The Ravens took a 24-point magnifier from Cincinnati with Jackson is a defender and with relatively healthy secondary and with a complete collection of edging strips. When they trained on Wednesday, 11 members of their 53-member roster were on or on the COVID-19 reserve / roster.
Not a perfect equation for the most important game of the year. And they will face an adversary who has benefited from unusually strong health. Only one Bengali player, starting quarterback Chidobe Awuzi, has appeared on the COVID-19 reserve / roster as of Wednesday, and in the starting tackle, Riley Raiff is the most significant Cincinnati player in the injured reserve.
But the Ravens have yet to meet the challenge before obstacles arise in an unfortunate 2021. They leave a game in which they nearly rallied with 14 points to defeat NFC’s best seed, the Green Bay Packers. Even Harbo’s much-talked-about call for a two-point attempt at realization turned into a rallying point for the players who applauded their coach’s courage to “win now.”
They vowed to fight no matter who is healthy enough to fight.
“It brings us together as a team,” said receiver Marquis Brown. “We are overwhelmed by adversity after adversity, and in some cases we find ways to participate in games, we find ways to win in games. And just knowing that we will never be idle, no matter who we have, is a great sign for our team. ”
Ravens Defense Coordinator Don “Wink” Martindale, who has felt the brunt of the latest outbreak of COVID-19, acknowledged the “alarming” impact of so many hits.
“I think it affects the mentality of the players who cannot participate in the game because of a positive test result; it affects them because they want to be close to their teammates when playing games like this, ”he said. “But guys who are going to be there in this field? They will have the mentality we need to play this game. Everyone knows the standards when they go to this building. ”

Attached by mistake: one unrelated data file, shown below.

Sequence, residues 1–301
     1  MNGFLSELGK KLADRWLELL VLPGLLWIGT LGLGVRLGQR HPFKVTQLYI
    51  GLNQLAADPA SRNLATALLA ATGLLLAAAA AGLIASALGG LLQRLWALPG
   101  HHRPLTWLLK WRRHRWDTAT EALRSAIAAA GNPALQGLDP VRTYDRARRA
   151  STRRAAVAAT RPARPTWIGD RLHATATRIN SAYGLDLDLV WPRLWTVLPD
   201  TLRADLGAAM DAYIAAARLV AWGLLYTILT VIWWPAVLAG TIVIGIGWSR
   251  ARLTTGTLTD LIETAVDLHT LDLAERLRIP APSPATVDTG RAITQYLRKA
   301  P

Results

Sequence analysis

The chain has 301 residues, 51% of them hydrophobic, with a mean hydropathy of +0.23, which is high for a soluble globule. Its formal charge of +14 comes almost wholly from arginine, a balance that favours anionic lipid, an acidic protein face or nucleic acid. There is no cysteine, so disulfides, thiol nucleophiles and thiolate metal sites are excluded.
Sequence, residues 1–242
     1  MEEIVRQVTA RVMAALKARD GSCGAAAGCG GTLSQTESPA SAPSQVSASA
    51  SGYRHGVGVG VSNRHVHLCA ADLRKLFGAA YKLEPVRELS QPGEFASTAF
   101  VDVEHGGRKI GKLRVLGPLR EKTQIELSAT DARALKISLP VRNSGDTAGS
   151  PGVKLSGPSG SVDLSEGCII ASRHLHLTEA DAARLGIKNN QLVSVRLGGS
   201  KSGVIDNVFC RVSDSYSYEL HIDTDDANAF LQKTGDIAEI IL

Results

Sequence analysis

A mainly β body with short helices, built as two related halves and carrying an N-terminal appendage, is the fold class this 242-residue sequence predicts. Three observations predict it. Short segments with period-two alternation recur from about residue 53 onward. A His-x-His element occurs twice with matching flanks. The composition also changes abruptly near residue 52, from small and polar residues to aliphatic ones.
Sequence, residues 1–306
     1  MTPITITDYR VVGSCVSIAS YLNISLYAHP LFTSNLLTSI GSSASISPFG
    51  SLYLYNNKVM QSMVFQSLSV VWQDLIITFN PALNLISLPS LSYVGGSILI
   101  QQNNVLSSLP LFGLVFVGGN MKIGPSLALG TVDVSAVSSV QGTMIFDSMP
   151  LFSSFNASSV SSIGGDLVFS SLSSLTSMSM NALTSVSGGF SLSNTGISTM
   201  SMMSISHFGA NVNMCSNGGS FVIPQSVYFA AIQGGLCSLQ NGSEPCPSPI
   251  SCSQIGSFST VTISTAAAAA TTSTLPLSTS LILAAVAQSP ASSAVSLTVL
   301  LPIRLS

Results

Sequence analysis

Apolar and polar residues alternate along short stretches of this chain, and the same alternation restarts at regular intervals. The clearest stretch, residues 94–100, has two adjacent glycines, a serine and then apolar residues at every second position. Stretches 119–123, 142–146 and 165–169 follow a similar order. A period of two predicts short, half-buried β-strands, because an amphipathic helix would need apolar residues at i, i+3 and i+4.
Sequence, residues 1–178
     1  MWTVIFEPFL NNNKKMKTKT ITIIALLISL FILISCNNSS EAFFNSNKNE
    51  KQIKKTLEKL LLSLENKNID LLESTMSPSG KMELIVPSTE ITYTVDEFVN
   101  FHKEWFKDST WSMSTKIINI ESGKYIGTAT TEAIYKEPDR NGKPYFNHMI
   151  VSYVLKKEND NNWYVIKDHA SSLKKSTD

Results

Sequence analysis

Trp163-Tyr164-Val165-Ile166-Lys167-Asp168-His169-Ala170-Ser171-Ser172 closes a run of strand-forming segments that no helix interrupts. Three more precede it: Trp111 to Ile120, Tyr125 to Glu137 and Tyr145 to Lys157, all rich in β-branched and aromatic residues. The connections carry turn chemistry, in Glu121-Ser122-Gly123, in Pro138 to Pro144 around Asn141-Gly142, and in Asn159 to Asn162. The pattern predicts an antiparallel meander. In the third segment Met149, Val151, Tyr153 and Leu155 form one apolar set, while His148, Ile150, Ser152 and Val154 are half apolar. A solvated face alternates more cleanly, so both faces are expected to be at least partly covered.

It wasn’t just Football Outsiders who predicted how much more difficult this fight would be if the Ravens lost to the Bengals. According to analyst website FiveThirtyEight, with a win, their chances of a playoff will skyrocket to 83% and their chances of a division title to 73%. In case of a loss, these chances will be 33% and 10%, respectively. The site rated the importance of the game at 100 points on a 100-point scale.
Both teams will face tough matches next week: The Ravens at home against the Los Angeles Rams and the Bengals at home against the Kansas City Chiefs. Both will end in divisions: The Ravens at home against the Steelers, the Bengals away against the Cleveland Browns.
So that doesn’t mean that this rematch will settle all things for AFC North, but the loser will end up in territory that really must win.
Is it time for the wounded Crows to “die or die”?
“Come on, I feel like every game in the NFL matters, not just this game,” Huntley said. “I feel like this is a big game, but we have to treat it like a normal game.”
“Anyone can label it any way they want,” Harbo said. “In fact, it’s not my mission to stick labels on it and give specific phrases.”
He did admit that “a lot is at stake.”
CROWS @ BENGAL
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Line: Bengals at 7